Furniture by Slake made in the Nordic design tradition with mirrors by Andreas Bergsaker featured in the Norwegian pavilion at the London Design Festival.
Furniture by Slake made in the Nordic design tradition with mirrors by Andreas Bergsaker featured in the Norwegian pavilion at the London Design Festival.

These include linen tea towels with botanical prints that are not only practical but so visually striking they could double up as kitchen wall-hangings.

Not too far away from Tent, at the Shoreditch Design Triangle, Superfolk also presented work at the fresh and lightsome venue of Rochelle Canteen as part of another Irish design exhibition.

Entitled ‘The Souvenir Project’, it was commissioned by Irish Design 2015 and curated by Jonathan Legge of Makers & Brothers, a boutique-style website for contemporary Irish craft. 

Silfra rug by Thora Bjork
Silfra rug by Thora Bjork

Nine objects were presented that reinvented the notion of an Irish souvenir and its associations with commercialism, leprachauns and shamrocks. Directing collaborations between designers and makers, Legge looked for products that would provoke recollection and memories.

Superfolk’s response was a series of patterns inspired by dry stone wall constructions which they printed on Irish linen, while animator Johnny Kelly took the classic Nicholas Mosse flora and fauna sponge-ware pattern and reinterpreted it to mark the outcome of our recent referendum on same sex marriage.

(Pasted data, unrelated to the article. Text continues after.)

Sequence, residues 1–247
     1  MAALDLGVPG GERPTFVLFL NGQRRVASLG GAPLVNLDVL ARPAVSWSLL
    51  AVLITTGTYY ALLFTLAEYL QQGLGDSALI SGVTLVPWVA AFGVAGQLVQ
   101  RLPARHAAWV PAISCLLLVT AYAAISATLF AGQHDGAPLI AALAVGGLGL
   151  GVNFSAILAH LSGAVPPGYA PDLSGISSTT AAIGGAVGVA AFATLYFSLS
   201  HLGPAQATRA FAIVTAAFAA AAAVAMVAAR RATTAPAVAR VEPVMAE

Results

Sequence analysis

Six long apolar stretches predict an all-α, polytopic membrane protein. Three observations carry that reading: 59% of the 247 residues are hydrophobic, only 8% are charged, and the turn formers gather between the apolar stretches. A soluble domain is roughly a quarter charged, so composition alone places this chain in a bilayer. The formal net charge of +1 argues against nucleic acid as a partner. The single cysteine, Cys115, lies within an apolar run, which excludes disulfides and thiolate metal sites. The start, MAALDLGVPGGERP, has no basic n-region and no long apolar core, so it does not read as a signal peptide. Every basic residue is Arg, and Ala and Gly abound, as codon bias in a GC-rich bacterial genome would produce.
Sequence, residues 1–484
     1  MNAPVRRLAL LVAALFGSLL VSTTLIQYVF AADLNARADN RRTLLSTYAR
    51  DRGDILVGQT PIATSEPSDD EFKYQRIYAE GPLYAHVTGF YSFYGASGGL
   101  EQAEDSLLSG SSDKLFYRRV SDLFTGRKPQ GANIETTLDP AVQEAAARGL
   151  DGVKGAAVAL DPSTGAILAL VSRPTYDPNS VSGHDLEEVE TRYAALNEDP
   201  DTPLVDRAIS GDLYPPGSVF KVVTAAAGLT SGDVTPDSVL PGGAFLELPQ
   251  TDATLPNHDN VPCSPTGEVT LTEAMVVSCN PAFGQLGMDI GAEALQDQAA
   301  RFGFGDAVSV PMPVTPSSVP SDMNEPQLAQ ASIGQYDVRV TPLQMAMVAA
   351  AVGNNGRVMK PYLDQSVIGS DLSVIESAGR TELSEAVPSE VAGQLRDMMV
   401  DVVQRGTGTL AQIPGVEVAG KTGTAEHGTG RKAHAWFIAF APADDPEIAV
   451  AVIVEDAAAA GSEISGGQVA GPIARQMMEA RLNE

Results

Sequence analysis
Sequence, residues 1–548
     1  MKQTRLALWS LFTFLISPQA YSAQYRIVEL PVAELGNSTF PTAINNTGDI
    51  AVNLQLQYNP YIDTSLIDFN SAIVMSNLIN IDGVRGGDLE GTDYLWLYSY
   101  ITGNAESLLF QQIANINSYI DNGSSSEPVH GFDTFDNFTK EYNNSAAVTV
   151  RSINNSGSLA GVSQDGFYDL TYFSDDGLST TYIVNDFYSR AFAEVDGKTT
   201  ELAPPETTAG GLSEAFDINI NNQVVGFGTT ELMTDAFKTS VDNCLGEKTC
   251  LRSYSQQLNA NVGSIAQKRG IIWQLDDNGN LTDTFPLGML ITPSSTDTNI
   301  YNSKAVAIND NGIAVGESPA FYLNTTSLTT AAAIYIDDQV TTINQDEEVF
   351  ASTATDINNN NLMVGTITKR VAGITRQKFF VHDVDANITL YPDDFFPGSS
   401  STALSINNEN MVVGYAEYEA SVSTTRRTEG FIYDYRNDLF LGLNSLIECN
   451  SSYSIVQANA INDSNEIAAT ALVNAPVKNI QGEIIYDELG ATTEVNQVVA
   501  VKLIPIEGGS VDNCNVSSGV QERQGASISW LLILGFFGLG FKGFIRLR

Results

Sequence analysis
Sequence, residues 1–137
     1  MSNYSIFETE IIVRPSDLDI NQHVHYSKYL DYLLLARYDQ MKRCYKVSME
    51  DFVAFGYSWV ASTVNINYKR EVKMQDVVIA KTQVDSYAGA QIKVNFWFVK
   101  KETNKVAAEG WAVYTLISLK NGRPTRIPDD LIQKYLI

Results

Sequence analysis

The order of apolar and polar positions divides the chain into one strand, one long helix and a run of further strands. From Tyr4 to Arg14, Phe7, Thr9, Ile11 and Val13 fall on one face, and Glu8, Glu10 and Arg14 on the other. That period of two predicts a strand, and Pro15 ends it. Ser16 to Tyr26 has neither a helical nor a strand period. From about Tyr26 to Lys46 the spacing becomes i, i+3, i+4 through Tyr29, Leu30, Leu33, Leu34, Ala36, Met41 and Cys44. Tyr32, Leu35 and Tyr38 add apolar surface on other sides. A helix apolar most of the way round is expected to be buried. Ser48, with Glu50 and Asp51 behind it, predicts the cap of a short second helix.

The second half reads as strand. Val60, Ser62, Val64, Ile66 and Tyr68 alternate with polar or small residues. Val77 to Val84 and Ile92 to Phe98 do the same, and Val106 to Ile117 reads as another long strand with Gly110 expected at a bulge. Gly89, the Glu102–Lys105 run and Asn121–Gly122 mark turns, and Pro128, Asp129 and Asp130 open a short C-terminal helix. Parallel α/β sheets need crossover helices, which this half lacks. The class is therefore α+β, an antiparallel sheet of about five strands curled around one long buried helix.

Anenome by Helen O’ Connell
Anenome by Helen O’ Connell

But one of the most appealing objects was a series of delicately crafted crystal vases by J Hill’s Standard which were re-cut with new graphic patterns developed by Scott Burnett of Studio AAD to represent the various words we have to describe rain,

Even the humble spud got a look in as an object called Lumpur, a selection of pieces finished in bronze by Bronze Art Foundry to a design by Makers & Brothers. 

Named after a variety of potato that is hardly known in Ireland today, (and which was the staple variety in Ireland up to the Famine) — only one farm in the country grows it now — and it was accompanied by an essay from Darina Allen.

Norwegian company Biri launched its straw based alternative to wallpaper at the London Design Festival.
Norwegian company Biri launched its straw based alternative to wallpaper at the London Design Festival.

Undoubtedly, there was a strong sense of everything being Irish in a recognisable way, with a touch of nostalgia and insight into the Irish rural environment, but it was achieved in a fresh and modern way, and thankfully without any diddly-eye.

The London Design Festival may be over now for another year, but a substantial portion of the Irish presence, both Ó and The Souvenir Project, moved from there straight to the National Craft Gallery in Kilkenny where it opened yesterday. Showing until January 10, 2016 it’s a must event to visit.

Anenome by Helen O’ Connell
Anenome by Helen O’ Connell

* Next week: Interior trends for 2016.